The Toxic Substances Control Act (TSCA) (1976) authorizes the Environmental Protection Agency to: 1. assess and regulate new commercial chemicals before they enter the market, 2. regulate chemicals already existing in 1976 that posed an "unreasonable risk to health or to the environment", such as PCBs, lead, mercury and radon, and 3. regulate the distribution and use of these harmful, toxic chemicals.

The Comprehensive Environmental Response Compensation and Liability Act (CERCLA) (1980), also known as the Superfund, authorizes federal natural resource agencies, such as the Environmental Protection Agency (EPA), states, and Native American tribes to clean up sites contaminated with hazardous substances and pollutants. Sites managed under this program are referred to as "Superfund Sites".

The National Environmental Policy Act (NEPA) (1970) requires "all executive Federal agencies to prepare environmental assessments (EAs) and environmental impact statements (EISs). These reports state the potential environmental effects of proposed Federal agency actions. In addition, the U.S. Congress formally recognized that each person has a responsibility to preserve and enhance the environment as trustees for succeeding generations".

The Environmental Quality Improvement Act (1970) created the Office of Environmental Quality whose role is to "assure that each Federal department and agency conducting or supporting public works activities which affect the environment shall implement the policies under existing law".

Review toxic tort lawsuits, environmental rights litigation, and the U.S. Environmental Protection Agency (EPA), Toxic Substances Control Act (TSCA), the Comprehensive Environmental Response Compensation and Liability Act (CERCLA), the National Environmental Policy Act (NEPA), the Environmental Quality Improvement Act, and the National Environmental Education Act in the following resources.

To review, see Environmental Law and Modern Environmental Management.

4f. Examine environmental management strategies

  • What are brownfields?
  • Why do brownfields present a great concern for environmental agencies?
  • What are the components of an integrated waste management strategy?
  • What are four characteristics that define hazardous waste?
  • What regulations govern the management of solid and hazardous wastes, radioactive waste, and medical waste?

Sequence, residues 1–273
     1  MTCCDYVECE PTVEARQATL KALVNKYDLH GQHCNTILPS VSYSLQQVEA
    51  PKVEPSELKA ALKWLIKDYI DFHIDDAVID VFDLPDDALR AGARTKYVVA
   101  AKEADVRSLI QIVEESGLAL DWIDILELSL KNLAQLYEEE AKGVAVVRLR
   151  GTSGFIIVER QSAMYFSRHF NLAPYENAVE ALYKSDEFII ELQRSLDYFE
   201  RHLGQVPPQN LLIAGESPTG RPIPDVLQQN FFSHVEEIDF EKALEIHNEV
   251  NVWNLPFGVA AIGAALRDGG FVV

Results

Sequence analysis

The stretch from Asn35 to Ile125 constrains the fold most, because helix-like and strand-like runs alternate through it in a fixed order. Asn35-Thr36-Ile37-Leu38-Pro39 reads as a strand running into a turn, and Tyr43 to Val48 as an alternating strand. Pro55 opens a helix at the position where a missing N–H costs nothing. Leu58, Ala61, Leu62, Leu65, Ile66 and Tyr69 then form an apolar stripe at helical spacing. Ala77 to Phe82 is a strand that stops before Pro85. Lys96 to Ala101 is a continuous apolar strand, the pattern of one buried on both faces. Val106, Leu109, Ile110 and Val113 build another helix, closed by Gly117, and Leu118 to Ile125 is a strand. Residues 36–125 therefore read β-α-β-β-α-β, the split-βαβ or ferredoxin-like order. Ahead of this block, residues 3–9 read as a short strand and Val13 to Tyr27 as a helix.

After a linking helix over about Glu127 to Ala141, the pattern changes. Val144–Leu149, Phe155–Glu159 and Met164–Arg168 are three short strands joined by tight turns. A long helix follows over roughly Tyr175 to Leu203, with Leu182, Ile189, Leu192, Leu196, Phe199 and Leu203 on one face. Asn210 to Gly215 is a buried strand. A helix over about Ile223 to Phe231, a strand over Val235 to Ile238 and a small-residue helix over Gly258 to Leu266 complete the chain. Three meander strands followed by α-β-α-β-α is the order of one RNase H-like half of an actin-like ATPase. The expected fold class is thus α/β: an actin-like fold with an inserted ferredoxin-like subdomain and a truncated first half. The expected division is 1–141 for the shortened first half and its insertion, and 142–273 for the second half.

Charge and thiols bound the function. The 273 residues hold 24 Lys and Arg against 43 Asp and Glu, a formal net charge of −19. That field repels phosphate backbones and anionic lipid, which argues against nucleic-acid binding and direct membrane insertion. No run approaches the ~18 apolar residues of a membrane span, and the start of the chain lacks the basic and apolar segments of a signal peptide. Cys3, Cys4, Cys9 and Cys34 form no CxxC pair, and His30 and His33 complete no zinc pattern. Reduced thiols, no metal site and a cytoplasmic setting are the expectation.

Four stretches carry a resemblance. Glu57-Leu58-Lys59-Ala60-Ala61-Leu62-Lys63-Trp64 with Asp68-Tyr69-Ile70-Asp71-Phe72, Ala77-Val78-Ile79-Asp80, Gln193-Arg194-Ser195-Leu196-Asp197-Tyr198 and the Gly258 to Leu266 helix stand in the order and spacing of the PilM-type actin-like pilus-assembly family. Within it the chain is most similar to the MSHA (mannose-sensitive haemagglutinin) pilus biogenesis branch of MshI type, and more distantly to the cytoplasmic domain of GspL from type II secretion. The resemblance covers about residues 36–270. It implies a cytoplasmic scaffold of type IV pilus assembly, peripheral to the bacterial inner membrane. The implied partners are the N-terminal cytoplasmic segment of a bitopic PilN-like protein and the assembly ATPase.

Environmental management systems bring together the people, policies, plans, review mechanisms, and procedures used to manage environmental issues to create strategies that facilitate environmental compliance, address environmental impacts, broaden environmental responsibilities to all whose work has a significant impact on the environment, and contributes the necessary technical expertise.

To review, see Environmental LawModern Environmental Management, and Greening the Ghetto.


4g. Identify the goals of the environmental rights movement

  • What legislation has the U.S. government passed to protect our environment?

The environmental rights movement argues that the earth's resources are limited and risk being completely depleted. As our population grows, many factors contribute to environmental health hazards and inequities, including habitat destruction, deforestation, overhunting, overfishing, and an increasingly negative impact on each individual.

The environmental movement emerged due to the public's increased concern for the apparent rise in air and water pollution, radiation, pesticide poisoning, and other problems. It became increasingly clear that environmental pollution was a health hazard. Consequently, protective regulations and ethical management of the environment became a priority for the environmental rights movement. Advocates demanded the federal government accept responsibility for the degradation and take appropriate action to resolve it. 

To review, see Environmental LawModern Environmental Management, and Greening the Ghetto.


Unit 4 Vocabulary

  • Comprehensive Environmental Response Compensation and Liability Act (CERCLA)
  • deforestation
  • environmental degradation
  • environmental health hazards 
  • environmental management systems
  • environmental prejudice
  • environmental justice
  • Environmental Quality Improvement Act
  • habitat destruction
  • human rights
  • incinerators 
  • landfills
  • National Environmental Policy Act (NEPA)
  • National Environmental Education Act
  • overfishing
  • overhunting
  • toxic tort lawsuit
  • Toxic Substances Control Act (TSCA)
  • World Health Organization (WHO)
  • United Nations (UN)